Surface and interface properties of next generation solar cells

Lead Research Organisation: University of Manchester
Department Name: Physics and Astronomy


Organometal halide perovskite quantum dots (PQDs) are considered one of the most promising materials for use in next-generation solar cells. With tunable bandgaps, strong light-absorption coefficients, high defect tolerance and low non-radiative recombination rates, PQDs could help revolutionize photovoltaics in a world where the demand for renewable energy has never been greater. However, the stability of PQDs in ambient conditions is poor; thus, understanding the degradation mechanisms involved and investigating passivation methods such as encapsulation is of paramount importance if PQD solar cells are to make their way into commercial devices. It is necessary, therefore, to study the reactions of the topmost few atomic layers of PQD films with the atmosphere. During this project, various passivation techniques will be investigated, with emphasis on encapsulation methods, and the materials produced will be characterized using a range of advanced surface spectroscopies, including hard X-ray photoelectron spectroscopy (HAXPES) and near-ambient pressure X-ray photoelectron spectroscopy (NAP-XPS). The work falls under the EPSRC energy theme, and is relevant to condensed matter: electronic structure, materials for energy applications, solar technology and surface science research areas.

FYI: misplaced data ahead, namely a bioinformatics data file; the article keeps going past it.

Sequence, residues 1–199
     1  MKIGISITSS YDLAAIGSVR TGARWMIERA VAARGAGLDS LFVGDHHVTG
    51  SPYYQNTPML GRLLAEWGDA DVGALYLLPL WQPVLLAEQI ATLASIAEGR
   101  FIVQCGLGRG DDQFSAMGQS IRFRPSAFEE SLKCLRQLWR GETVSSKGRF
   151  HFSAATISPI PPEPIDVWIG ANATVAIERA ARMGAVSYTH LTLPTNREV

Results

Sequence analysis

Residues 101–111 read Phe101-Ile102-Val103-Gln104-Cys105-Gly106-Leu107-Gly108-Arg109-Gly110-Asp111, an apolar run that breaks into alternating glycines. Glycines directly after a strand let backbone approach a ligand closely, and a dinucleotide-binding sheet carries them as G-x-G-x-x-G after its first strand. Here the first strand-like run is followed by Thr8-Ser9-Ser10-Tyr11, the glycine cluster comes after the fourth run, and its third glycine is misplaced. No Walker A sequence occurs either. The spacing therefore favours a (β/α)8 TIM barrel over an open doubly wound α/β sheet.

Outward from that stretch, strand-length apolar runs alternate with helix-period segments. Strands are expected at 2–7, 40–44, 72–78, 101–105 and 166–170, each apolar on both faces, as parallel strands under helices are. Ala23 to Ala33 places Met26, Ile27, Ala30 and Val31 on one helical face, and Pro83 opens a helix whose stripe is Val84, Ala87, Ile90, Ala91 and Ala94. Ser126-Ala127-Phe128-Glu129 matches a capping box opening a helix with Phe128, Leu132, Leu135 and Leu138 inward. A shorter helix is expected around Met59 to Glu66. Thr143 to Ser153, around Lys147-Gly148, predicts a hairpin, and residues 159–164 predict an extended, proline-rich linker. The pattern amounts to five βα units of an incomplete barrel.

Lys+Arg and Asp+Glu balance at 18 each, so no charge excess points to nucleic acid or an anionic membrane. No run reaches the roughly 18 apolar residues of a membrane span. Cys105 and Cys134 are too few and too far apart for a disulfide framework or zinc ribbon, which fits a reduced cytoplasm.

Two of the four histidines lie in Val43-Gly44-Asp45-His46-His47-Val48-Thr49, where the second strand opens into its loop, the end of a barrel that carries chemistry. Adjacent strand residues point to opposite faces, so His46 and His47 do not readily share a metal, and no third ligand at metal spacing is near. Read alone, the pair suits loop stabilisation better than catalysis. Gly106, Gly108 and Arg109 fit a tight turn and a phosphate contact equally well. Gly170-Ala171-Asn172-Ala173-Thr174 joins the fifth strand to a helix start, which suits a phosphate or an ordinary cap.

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Studentship Projects

Project Reference Relationship Related To Start End Student Name
EP/R513131/1 30/09/2018 29/09/2023
2297406 Studentship EP/R513131/1 30/09/2019 29/09/2023 Thomas Flavell